- Born 29 June 1882
- Died 31 July 1917
- Won seven England caps
Edgar Roberts Mobbs was born in Northampton, one of six children of Oliver Linnel Mobbs and his wife Elizabeth Anne.
His father was an engineer and his mother came from a background in shoe making, for which Northampton was famous.
Edgar’s education was at Bedford Modern School, where records show him as a modest scholar who was taken away early and put to work, being at one time a car salesman and later director of the Pytchley Auto Car Company.
Although a promising sportsman, his early departure from school meant that he did not feature there in the 1st XV. He was soon playing rugby at club level though, first with Olney and then 234 times for Northampton, for whom he was captain from the 1907/08 season until 1913.
He captained East Midlands (for whom he was also the RFU committee member) for a similar period and also played for the Barbarians. His seven caps for England came in 1909 and 1910, and included captaining the side to an 11-3 victory against France in Paris in 1910.
The Sportsman's Battalion
When the war came he immediately volunteered (aged 32) but was too old for a commission. Mobbs therefore formed his own special corps. 264 men (out of over 400 who volunteered) joined and, as the Sportsman’s Battalion, formed a large part of the 7th Battalion, Northamptonshire Regiment.
They took part in the Battles of Loos, Somme and Arras. Mobbs was wounded three times, mentioned in Despatches twice and awarded the Distinguished Service Order in 1917.
His return to his Battalion after his third injury, and by now as Colonel, coincided with the 3rd Battle of Ypres, known as Passchendaele. Mobbs lost his life at Zillebeke.
Wounded three times, having returned to his Battalion after his third injury, Colonel Mobbs was to die in the Third Battle of Ypres, at Passchendaele.
He was not supposed to be involved in the fighting but, finding that his men were in serious trouble pinned down by machine gunners, he decided to lead a two-pronged rugby flanking movement. He set off with another runner, taking some hand grenades, around the side of the machine gun post but was shot in the neck and fell into a shell hole just 30 yards short.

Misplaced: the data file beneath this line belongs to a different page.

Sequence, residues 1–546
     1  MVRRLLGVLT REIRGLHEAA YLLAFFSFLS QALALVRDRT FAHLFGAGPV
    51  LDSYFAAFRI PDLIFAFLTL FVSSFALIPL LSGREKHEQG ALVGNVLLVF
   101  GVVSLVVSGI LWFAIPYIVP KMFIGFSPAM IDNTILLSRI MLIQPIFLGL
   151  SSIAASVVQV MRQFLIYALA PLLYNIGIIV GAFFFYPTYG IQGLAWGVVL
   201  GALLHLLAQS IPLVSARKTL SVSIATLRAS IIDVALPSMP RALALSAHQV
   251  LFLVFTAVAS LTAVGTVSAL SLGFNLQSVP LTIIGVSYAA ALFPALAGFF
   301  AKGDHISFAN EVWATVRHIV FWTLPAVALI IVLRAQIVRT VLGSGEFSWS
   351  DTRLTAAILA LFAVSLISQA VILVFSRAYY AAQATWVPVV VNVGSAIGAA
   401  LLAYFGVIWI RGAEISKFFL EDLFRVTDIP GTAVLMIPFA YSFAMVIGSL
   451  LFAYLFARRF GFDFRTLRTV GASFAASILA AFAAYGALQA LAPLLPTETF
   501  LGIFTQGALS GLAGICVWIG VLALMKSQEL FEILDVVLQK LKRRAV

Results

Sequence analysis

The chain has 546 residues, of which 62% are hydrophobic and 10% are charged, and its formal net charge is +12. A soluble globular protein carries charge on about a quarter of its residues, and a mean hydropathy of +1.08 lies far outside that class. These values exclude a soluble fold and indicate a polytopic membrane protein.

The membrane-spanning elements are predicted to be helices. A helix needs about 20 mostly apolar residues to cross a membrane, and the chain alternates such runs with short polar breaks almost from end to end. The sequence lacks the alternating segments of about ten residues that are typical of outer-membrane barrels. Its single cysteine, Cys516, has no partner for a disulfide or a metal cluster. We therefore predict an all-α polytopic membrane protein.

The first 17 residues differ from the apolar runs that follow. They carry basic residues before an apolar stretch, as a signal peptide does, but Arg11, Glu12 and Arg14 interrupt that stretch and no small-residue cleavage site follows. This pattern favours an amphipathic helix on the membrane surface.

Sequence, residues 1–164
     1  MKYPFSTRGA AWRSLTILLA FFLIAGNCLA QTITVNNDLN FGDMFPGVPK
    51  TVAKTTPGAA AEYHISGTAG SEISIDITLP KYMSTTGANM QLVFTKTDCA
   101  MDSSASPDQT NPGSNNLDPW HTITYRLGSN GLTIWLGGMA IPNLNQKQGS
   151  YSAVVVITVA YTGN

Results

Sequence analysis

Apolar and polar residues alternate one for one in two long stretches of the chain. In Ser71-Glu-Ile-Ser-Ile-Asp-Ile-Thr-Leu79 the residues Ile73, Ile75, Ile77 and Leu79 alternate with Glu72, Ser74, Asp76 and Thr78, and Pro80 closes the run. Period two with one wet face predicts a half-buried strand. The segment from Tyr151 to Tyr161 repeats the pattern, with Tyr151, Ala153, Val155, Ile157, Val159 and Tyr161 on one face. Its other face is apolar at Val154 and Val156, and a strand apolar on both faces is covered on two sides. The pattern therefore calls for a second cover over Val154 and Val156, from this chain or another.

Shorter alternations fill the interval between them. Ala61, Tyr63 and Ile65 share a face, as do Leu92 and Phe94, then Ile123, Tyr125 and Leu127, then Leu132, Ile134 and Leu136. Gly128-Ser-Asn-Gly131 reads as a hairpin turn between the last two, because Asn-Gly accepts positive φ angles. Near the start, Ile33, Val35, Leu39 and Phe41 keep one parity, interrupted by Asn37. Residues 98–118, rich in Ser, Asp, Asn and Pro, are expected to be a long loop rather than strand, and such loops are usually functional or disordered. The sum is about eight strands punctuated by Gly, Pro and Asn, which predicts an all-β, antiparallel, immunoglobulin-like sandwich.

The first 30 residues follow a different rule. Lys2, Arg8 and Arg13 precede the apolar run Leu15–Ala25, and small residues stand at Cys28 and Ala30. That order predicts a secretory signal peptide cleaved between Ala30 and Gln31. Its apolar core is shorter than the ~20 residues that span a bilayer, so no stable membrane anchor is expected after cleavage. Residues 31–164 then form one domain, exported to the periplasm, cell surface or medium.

Even as he lay dying, he scribbled out the machine gun post’s map reference for HQ to eliminate it, asked for reinforcements, and finally added: “Am seriously wounded”.
When they reached him 10 minutes later, he was dead. Edgar’s body was never recovered – his name is listed among all those of the missing on the Menin Gate in Ypres.
Mobbs’ Memorial Match
On 10 February 1921, the East Midlands played the Barbarians in the first Mobbs’ Memorial Match, which became an annual fixture and, apart from the six years of WW2, was played for the next 90 years. From 2012, it has become a game against the Army and alternates between Northampton and Bedford.
There are 27 England players recorded on the Twickenham War Memorial, of which Mobbs is one of only two who reached the highest rank of Lt. Colonel.
His name also appears on memorials in Northampton and Olney, as well as the Northampton club’s one in Franklin’s Gardens. Bedford Modern School has “Mobbs House” in his memory, and a connecting road from Northampton to the A45 is named “Edgar Mobbs Way”.
For more information on the Rugby Football Union’s First World War commemorations, click here
For details of the other 26 fallen England players, click here.